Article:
Yet despite the years of hard work and her optimistic plans for the future, no joyful commencement ceremony would honor Kamila’s great achievement. The civil war had disemboweled the capital’s stately architecture and middle-class neighborhoods, transforming the city into a collapsed mess of gutted roads, broken water systems, and crumbling buildings. Rockets launched by warring commanders regularly arced across Kabul’s horizon, falling onto the capital’s streets and killing its residents indiscriminately. Everyday events like graduations had become too dangerous to even contemplate, let alone attend.
Kamila placed the neatly printed certificate into a sturdy brown folder and stepped out of the administrator’s office, leaving behind a line of young women who were waiting to receive their diplomas. Walking through a narrow corridor with floor-to-ceiling windows that overlooked Sayed Jamaluddin’s main entrance, she passed two women who were absorbed in conversation in the crowded hallway. She couldn’t help overhearing them.
“I hear they are coming today,” the first woman said to her friend. “My cousin told me they are just outside Kabul,” the other answered in a whisper. Kamila immediately knew who “they” were: the Taliban, whose arrival now felt utterly inevitable. News in the capital traveled at an astoundingly rapid pace via a far-reaching network of extended families that connected the provinces across Afghanistan. Rumors of the arriving regime were rampant, and the word was out that women were in the crosshairs. The harder-to-control, more remote rural regions could sometimes carve out exceptions for their young women, but the Taliban moved quickly to consolidate power in the urban areas. So far they had won every battle.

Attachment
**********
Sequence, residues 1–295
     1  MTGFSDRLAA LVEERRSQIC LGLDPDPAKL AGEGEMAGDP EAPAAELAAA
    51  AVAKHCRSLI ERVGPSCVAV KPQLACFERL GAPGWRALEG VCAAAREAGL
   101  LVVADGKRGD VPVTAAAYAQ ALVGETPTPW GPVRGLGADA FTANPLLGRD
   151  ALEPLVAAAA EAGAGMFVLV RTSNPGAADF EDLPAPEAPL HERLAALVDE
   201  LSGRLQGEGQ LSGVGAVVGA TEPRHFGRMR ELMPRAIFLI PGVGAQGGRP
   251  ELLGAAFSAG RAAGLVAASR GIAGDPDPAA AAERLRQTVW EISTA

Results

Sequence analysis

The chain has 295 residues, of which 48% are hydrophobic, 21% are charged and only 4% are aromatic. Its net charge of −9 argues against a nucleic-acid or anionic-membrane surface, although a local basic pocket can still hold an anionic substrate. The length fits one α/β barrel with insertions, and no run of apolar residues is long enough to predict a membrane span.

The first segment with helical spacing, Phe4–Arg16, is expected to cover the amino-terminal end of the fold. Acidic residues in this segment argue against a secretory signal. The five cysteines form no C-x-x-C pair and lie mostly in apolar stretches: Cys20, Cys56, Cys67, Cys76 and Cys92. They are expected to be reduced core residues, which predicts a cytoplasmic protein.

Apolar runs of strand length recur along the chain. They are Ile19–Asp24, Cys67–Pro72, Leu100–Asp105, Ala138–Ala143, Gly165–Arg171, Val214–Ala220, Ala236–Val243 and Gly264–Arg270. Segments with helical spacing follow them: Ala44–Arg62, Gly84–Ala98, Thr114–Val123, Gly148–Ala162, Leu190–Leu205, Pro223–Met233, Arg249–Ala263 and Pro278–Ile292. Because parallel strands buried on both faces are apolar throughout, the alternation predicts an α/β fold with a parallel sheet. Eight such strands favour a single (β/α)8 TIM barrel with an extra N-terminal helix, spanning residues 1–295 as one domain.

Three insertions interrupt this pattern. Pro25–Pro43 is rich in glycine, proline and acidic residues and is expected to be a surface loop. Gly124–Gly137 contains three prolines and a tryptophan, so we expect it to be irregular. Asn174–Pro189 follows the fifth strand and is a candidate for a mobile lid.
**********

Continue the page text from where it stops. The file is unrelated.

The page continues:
Kamila stood quietly in the hallway of the school she had fought so hard to attend, despite all the dangers, and listened to her classmates with a feeling of growing unease. She moved closer so she could hear the girls’ conversation more clearly.
Women would now be forced to dress in a style—and assume a way of life—they had never known, by rulers who had known nothing else.
“You know they shut the schools for girls in Herat,” the sharp-nosed brunette said. Her voice was heavy with worry. The Taliban had captured the western city a year earlier. “My sister heard that women can’t even leave the house once they take over. And here we thought we had lived through the worst.”
“Come, it might not be so bad,” answered her friend, taking her hand. “They might actually bring some peace with them, God willing.”
Holding her folder tightly with both hands, Kamila hurried downstairs for the long bus ride that would take her to her family’s home in the neighborhood of Khair Khana. Only a few months ago she had walked the seven miles after a rocket had landed along the road in Karteh Char, the neighborhood where her school was located, damaging the roof of a hospital for government security forces and knocking out the city’s bus service for the entire evening.
Everyone in Kabul had grown accustomed to seeking safety between doorjambs or in basements once they heard the now-familiar shriek of approaching rockets. A year earlier the teacher training institute had moved its classes from Karteh Char, which was regularly pummeled by rocket attacks and mortar fire, to what its director hoped was a safer location in a once-elegant French high school downtown. Not long afterward yet another rocket, this one targeting the nearby Ministry of Interior, landed directly in front of the school’s new home.